Charitable giving with cryptocurrency

Brian Armstrong
Published in
4 min readJan 27, 2018


I’ve been thinking more about how to accelerate the world’s transition to an open financial system (this is our mission at Coinbase).

One way to do this is via a non-profit that distributes small amounts of cryptocurrency to people in developing countries. There is good evidence that unconditional cash transfers are an effective way to help people, and it may help spark economic growth, along with additional usage of cryptocurrency, in those regions.

The Opportunity

Cryptocurrency has produced a handful of billionaires already, and I suspect it may produce the world’s first trillionaires in the next decade. The Forbes list of wealthiest people is going to be shaken up by early digital currency holders. Similar to the GivingPledge, many of these early holders will want to engage in philanthropy. The Pineapple Fund was a recent example of this, and I think we’ll see more.

Most charities don’t accept digital currency today, and those that do often sell the digital currency into USD so they can start to utilize it right away. They aren’t in the speculative investment business.

But early crypto holders are long crypto. It would be nice if there was a non-profit which:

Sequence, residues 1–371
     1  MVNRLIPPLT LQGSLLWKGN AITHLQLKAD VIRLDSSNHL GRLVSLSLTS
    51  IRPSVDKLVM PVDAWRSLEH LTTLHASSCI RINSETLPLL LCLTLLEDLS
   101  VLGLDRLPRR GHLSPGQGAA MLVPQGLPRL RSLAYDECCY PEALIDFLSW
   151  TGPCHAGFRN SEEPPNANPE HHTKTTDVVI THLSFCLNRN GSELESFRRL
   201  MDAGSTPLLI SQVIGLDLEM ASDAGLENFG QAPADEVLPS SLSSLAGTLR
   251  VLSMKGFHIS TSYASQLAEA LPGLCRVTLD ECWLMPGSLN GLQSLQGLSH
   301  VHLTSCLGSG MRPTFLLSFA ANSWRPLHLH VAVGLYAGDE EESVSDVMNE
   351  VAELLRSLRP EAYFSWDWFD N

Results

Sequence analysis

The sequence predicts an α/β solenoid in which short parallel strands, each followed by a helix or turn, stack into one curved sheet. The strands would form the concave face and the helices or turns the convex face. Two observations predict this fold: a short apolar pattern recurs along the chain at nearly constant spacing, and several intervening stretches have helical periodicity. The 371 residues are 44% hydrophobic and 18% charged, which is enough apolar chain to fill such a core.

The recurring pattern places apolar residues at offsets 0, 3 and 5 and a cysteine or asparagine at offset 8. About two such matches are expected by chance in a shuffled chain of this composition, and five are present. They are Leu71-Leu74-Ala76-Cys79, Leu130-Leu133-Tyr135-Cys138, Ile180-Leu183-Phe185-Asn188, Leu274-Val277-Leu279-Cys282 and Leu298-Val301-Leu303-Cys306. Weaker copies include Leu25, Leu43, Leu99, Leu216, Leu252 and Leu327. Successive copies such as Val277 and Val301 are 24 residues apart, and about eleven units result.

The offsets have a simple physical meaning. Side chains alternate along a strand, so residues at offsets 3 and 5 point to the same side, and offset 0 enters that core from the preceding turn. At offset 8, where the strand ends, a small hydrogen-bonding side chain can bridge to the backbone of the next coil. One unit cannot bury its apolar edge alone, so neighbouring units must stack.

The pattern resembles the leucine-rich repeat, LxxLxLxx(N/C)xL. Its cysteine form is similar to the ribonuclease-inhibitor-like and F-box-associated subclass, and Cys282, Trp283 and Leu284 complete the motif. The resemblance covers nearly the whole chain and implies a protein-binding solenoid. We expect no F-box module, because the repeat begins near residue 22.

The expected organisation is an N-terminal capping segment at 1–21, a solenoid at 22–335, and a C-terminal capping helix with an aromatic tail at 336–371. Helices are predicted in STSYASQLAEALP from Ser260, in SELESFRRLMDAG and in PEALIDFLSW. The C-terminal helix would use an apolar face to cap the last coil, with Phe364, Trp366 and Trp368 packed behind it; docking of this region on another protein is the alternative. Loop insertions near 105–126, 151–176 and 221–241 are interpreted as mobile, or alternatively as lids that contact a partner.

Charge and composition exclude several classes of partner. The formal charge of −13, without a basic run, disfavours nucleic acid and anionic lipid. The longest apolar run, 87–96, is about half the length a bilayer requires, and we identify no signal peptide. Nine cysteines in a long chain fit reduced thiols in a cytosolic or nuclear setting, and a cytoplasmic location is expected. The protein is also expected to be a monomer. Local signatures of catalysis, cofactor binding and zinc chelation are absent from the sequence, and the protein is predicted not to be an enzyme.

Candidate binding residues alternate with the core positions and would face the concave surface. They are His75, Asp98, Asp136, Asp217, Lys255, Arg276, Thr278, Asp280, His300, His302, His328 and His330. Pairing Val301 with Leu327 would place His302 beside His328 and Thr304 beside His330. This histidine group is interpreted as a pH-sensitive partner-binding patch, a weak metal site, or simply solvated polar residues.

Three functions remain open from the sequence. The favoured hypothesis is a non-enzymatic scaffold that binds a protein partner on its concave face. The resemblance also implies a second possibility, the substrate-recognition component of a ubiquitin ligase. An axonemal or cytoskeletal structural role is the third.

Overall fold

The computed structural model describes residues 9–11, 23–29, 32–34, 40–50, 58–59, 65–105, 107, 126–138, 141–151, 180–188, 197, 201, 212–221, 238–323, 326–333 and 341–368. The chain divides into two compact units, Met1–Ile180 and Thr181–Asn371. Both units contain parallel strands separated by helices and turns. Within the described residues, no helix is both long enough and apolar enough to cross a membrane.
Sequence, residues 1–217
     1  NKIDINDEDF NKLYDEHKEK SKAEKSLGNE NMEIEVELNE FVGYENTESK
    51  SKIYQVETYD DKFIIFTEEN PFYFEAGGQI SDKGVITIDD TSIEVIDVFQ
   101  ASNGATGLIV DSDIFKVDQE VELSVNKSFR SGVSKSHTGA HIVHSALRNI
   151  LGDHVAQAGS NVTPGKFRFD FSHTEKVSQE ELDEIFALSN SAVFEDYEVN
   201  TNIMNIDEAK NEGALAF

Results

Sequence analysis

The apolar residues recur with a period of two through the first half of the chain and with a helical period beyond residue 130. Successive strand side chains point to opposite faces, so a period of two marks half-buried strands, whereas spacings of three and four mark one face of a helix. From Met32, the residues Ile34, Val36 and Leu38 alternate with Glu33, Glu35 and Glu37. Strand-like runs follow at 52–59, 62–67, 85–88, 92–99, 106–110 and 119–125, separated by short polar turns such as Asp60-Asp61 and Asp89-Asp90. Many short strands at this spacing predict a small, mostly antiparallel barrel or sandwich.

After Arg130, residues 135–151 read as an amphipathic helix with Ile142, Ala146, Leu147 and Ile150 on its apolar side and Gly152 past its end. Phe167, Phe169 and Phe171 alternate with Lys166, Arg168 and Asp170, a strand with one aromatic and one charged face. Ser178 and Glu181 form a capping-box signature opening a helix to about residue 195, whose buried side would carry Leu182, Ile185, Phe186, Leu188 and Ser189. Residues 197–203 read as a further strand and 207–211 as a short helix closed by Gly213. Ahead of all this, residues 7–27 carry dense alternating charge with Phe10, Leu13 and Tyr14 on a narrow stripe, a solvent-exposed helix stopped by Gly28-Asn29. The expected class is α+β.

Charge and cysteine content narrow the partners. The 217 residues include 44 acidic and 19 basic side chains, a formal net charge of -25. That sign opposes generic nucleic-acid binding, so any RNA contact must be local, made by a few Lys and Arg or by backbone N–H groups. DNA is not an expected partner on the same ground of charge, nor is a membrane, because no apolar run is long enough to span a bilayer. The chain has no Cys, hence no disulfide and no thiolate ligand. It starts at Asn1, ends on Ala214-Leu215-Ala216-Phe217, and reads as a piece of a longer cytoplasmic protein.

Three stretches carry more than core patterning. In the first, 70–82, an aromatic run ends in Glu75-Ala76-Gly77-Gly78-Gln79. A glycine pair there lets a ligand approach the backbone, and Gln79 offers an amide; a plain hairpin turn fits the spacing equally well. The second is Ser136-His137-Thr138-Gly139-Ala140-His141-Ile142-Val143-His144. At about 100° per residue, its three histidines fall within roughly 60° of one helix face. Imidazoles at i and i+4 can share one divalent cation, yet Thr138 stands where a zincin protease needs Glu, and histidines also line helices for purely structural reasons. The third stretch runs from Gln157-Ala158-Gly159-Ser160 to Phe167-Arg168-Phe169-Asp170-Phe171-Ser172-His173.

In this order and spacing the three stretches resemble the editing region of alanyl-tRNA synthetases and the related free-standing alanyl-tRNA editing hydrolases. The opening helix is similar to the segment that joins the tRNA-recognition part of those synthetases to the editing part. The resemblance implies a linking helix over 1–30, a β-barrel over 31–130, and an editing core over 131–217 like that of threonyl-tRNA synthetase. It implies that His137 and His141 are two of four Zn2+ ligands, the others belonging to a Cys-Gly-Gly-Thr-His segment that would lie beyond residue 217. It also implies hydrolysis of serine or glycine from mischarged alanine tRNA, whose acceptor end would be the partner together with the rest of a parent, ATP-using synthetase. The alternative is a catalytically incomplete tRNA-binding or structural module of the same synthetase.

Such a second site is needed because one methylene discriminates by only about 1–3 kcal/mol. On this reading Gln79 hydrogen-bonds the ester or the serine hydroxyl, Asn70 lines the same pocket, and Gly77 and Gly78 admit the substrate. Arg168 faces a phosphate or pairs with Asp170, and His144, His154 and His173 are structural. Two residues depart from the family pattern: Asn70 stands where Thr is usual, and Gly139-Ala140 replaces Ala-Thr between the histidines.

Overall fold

• accepted digital currency
  • held it to capture future potential upside
  • used it to help people in need while also accelerating the adoption of digital currency

A unique moment to raise a non-profit fund

Given the enormous wealth creation from cryptocurrency, and the future potential upside, I believe there is a rare opportunity to create a large non-profit fund.

(Note that the following is not investment advice. The value of cryptocurrency could go to zero.)

Suspend disbelief for a moment, and imagine the following could happen:

  1. A cryptocurrency non-profit raises a $1B USD equivalent fund over the next year
  2. It helps distribute small amounts of crypto to people in need in emerging markets via an evergreen fund (meaning it gives away less each year than the growth of the fund)
  3. This sparks economic growth in those regions and creates local crypto economies
  4. With increased real world utility, the value of all cryptocurrencies grows by ~1,000x over the coming decade

You would now have a ~$1T USD fund that rivals the size of the U.S. social security fund ($2.79T USD). Note that as an evergreen fund, it would have to give away a smaller % of growth in the early days, and increase that percentage as the fund matured, to capture most of the upside.

How would funds be distributed?

Similar to, the fund could be distributed via one time or recurring small cash payments to people in need. Especially in emerging markets. I think this fits well with digital currency’s strengths (cross border, small payments, in real time, that go directly to an individual).

One major challenge is how to distribute funds fairly (avoiding fraud, or people farming lots of accounts). Anyone who has tried to give away money, such as through a referral program or bitcoin faucet, knows that fraud is a major challenge.